Mounds View High School's student news site.

The Viewer

Mounds View High School's student news site.

The Viewer

Mounds View High School's student news site.

The Viewer

Mounds View High School's student news site.

The Viewer

Mounds View startup tackles mental health crisis with award-winning app Gratzi

High school students Sreya Subramanian and Zoke Sackih win second place in Junior Achievement Pitchfest for their app, Gratzi, designed to promote gratitude as a potential solution to rising mental health issues.
Zoke Sackih
Subramanian and Sackih showcase their app Junior Achievement Pitchfest.

Mental health issues have risen in recent years, especially after the COVID-19 pandemic. Experts are rapidly searching for new medications and therapies to treat the surging mental health crisis, but recent research suggests that something as simple as gratitude could be the answer to treating a variety of mental disorders.

Seniors Sreya Subramanian and Zoke Sackih recently won second place in the Junior Achievement Pitchfest for their app, Gratzi, which helps users practice gratitude. To help with development, they will receive $350 in prize money and potentially more through external investments. Gratzi has not been released yet in any form, but the developers are planning for a soft launch around February where they will release the app to community members.

Subramanian and Sackih created Gratzi to encourage users to record instances when they feel grateful. Upon opening the app, a prompt appears asking questions such as “What are you grateful for today?” or “What in nature inspires you?” so the user can respond with an instance when they felt happy. A typical response could be as simple as spending time with family or going on a hike. Users can randomize the prompts for variety, but they all encourage the user to think about gratitude. After submitting an entry, it is listed under the user’s Today’s Entries category. At the end of the day, all entries disappear and return at the end of the month to remind the user what they appreciate. 

The main inspiration for Gratzi originated in Subramanian and Sackih’s AP World History class. Their teacher, Kristin Heinz, told them about how she wrote down what she felt gratitude for. They remembered this when brainstorming ideas for Technovation, a competition encouraging girls to learn computer science and develop an app. “We remembered Mrs. Heinz practicing gratitude, and we wanted to bring gratitude to our communities and to the greater world,” Sackih said.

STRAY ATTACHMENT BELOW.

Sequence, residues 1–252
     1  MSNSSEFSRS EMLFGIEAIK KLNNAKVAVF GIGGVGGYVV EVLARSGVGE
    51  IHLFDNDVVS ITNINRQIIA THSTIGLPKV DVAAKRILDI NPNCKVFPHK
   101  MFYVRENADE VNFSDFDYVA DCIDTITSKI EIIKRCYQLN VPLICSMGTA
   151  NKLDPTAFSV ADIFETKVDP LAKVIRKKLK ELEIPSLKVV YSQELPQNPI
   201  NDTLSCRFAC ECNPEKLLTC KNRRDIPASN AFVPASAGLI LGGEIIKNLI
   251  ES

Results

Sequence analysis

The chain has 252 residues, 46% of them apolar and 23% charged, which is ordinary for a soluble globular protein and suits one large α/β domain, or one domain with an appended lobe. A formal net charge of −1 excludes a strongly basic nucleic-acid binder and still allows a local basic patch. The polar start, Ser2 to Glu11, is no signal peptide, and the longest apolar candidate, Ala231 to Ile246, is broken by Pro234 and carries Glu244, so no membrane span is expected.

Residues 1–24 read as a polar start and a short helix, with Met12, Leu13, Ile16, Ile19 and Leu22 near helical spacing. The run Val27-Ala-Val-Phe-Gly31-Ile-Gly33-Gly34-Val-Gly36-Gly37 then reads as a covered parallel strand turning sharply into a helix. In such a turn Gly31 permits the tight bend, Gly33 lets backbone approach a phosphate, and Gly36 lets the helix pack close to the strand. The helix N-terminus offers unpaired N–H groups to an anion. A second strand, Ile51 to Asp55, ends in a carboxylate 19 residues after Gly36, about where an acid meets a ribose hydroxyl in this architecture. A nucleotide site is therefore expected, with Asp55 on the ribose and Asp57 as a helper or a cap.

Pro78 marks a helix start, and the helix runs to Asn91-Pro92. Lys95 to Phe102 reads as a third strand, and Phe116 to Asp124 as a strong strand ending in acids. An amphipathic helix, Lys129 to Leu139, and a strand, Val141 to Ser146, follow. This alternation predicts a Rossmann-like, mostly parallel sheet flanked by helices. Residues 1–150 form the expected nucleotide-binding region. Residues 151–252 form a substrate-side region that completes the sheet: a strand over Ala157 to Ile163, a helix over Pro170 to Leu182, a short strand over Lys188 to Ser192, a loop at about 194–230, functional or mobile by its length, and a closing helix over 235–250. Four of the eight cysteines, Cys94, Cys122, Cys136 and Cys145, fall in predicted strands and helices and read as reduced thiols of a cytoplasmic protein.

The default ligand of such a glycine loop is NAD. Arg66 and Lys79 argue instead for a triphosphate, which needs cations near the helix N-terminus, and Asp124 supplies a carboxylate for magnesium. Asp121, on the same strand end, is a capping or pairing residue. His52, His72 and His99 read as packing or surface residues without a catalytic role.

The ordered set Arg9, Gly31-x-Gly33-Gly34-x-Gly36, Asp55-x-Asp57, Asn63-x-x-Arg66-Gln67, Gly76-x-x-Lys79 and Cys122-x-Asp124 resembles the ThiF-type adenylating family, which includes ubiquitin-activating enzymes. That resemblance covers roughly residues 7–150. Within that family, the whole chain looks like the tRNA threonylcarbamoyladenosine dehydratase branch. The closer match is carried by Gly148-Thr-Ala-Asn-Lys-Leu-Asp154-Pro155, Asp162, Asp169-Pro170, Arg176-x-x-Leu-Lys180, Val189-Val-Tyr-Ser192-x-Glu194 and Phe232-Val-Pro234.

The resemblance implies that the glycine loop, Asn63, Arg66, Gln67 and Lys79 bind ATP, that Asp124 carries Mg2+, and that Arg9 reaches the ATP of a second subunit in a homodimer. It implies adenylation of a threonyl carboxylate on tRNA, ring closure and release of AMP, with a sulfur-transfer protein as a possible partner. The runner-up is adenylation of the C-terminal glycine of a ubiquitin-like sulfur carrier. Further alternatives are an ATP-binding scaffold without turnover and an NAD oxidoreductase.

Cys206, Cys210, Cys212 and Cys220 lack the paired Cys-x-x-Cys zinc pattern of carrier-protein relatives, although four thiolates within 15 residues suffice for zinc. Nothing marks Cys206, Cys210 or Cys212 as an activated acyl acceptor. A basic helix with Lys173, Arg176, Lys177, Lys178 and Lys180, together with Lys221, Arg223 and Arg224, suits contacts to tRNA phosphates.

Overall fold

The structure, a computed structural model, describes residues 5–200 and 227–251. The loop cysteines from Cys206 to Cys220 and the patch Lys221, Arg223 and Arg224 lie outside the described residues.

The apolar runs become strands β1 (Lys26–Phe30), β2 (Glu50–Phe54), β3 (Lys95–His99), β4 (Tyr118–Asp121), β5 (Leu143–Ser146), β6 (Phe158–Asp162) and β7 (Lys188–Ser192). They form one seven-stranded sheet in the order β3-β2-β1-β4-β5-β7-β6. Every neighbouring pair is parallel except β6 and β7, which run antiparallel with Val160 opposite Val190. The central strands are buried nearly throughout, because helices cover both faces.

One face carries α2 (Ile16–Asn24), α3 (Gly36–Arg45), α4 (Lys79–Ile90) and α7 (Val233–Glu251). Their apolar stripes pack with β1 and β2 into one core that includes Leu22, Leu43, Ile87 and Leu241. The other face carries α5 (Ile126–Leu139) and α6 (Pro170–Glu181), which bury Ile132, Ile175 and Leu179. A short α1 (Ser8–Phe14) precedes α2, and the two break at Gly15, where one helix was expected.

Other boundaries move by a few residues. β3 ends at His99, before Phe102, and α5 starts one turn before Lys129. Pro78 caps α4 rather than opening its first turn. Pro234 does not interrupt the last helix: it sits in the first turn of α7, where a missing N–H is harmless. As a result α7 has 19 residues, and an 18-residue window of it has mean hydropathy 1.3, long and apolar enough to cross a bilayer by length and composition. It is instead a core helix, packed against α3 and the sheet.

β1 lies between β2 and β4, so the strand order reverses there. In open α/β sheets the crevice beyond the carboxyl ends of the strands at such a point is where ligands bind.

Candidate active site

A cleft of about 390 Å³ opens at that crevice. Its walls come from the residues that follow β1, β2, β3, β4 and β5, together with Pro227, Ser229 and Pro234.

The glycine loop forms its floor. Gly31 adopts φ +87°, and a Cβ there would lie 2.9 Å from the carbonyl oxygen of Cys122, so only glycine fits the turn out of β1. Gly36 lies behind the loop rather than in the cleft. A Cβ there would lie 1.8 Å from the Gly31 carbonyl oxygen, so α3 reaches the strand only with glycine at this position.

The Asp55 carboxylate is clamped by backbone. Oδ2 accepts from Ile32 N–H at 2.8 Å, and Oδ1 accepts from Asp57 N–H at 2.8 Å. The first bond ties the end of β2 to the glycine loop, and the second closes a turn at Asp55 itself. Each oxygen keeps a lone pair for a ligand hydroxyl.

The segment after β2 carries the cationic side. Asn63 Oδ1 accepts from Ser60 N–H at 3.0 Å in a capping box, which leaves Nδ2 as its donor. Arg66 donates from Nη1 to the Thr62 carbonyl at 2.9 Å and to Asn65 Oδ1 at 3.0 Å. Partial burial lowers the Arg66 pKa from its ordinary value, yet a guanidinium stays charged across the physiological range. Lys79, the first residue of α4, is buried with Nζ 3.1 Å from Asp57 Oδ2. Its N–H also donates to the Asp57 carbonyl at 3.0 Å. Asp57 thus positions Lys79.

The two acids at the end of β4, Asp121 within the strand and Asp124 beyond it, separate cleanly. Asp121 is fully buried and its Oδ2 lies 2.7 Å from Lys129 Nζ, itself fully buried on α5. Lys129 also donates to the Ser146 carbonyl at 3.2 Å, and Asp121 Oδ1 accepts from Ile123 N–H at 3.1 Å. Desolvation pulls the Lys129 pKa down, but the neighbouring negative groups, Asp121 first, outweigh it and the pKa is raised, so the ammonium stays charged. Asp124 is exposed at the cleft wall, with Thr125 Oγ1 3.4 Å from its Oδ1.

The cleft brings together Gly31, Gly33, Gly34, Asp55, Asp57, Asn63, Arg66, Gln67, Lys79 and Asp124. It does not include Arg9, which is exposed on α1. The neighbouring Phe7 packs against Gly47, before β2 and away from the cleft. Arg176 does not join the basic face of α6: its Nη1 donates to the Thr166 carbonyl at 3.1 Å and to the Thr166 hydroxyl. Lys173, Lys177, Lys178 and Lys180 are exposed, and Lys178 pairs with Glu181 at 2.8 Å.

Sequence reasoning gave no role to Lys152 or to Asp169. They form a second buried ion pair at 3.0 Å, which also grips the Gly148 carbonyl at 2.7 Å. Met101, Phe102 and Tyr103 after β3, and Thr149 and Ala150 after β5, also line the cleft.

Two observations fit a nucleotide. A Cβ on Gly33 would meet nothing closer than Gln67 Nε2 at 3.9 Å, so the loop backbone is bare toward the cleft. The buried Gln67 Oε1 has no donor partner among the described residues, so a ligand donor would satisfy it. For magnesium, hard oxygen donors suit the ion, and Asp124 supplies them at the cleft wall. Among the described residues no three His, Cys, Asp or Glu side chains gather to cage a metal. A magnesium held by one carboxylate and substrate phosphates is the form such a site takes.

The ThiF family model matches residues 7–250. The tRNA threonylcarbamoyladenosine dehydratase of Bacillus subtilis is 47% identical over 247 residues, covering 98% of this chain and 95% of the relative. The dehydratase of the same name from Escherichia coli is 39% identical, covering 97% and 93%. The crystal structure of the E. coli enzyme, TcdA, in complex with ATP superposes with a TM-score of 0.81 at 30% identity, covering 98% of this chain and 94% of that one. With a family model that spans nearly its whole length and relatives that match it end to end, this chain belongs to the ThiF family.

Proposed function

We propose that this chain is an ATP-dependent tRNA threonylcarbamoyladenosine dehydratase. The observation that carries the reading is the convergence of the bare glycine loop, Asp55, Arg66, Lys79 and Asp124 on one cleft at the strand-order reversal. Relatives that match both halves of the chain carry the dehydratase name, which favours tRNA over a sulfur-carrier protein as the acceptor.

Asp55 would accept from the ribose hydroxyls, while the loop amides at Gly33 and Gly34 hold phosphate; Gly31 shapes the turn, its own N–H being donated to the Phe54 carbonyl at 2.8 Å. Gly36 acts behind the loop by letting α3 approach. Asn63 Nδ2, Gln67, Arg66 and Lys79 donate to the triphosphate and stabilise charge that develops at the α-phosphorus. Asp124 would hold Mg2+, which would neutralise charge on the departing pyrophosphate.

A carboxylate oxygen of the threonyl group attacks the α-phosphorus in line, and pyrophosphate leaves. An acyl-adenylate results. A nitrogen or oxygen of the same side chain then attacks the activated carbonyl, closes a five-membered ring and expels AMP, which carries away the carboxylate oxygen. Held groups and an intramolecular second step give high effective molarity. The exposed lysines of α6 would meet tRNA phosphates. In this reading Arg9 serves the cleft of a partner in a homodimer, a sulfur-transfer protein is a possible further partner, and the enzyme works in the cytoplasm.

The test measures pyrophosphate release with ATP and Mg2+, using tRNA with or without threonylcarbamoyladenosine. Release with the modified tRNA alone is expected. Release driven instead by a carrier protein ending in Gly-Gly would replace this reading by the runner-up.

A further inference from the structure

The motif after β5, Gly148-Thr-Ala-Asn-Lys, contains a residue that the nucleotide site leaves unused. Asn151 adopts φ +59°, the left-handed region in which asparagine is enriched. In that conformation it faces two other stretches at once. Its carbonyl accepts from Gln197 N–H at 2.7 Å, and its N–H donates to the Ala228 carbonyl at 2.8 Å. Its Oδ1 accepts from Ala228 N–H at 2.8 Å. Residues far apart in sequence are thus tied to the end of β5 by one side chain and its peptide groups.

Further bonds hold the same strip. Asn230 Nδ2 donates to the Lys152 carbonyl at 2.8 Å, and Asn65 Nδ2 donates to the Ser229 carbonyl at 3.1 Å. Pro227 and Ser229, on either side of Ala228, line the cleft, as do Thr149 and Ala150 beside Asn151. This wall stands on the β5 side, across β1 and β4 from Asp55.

Two psychologists from the University of California Davis and the University of Miami conducted a study testing the impact of writing down moments a person felt grateful for. After 10 weeks, the group that wrote about gratitude showed more optimism about their lives and began practicing healthier habits like exercising more. “There’s also a scientific aspect of it because at the end of the month, when you see all your entries, and you see everything that you were grateful for, you feel happy, and you get a boost of dopamine and serotonin,” Sackih said.

Gratzi is not really aimed at curing mental health but rather taking steps towards it.

— Sreya Subramanian

Serious mental health issues may need medical attention, so Gratzi includes a resources tab to give users a list of more serious options such as the National Suicide Prevention Hotline and the Trevor Project. “Gratzi is not really aimed at curing mental health but rather taking steps towards it. And of course, there are times when users can have a pretty bad day and Gratzi should be a safe place for them to go,” Subramanian said. 

As with all app development, the developers have many obstacles to overcome. On the business side, they struggle to find a way to include in-app purchases while keeping Gratzi a free-to-download app. Since mental health resources should be accessible for all, they plan on adding optional features as a way they could still make a profit and sustain the app. They also want to make their app usable by a wide range of people, not limiting themselves to young adults and English speakers, so they plan on adding more features like color and language options. 

With Gratzi, Subramanian and Sackih hope they can help many people maintain good mental health and become mindful of the things they feel gratitude for. “Over time, it’ll become easier to recognize that [you can feel grateful] so it’s not something that you really struggle with or that you have to think long periods of time about, but rather just go throughout your day and be like, ‘This is something that makes me happy and I’m gonna remember that,’” Subramanian said. 

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About the Contributor
Lale Akkin, Staff Reporter
Lale is a sophomore staff reporter, and this year is her first year on The Viewer. Awards: Best of SNO - The teacher shortage crisis
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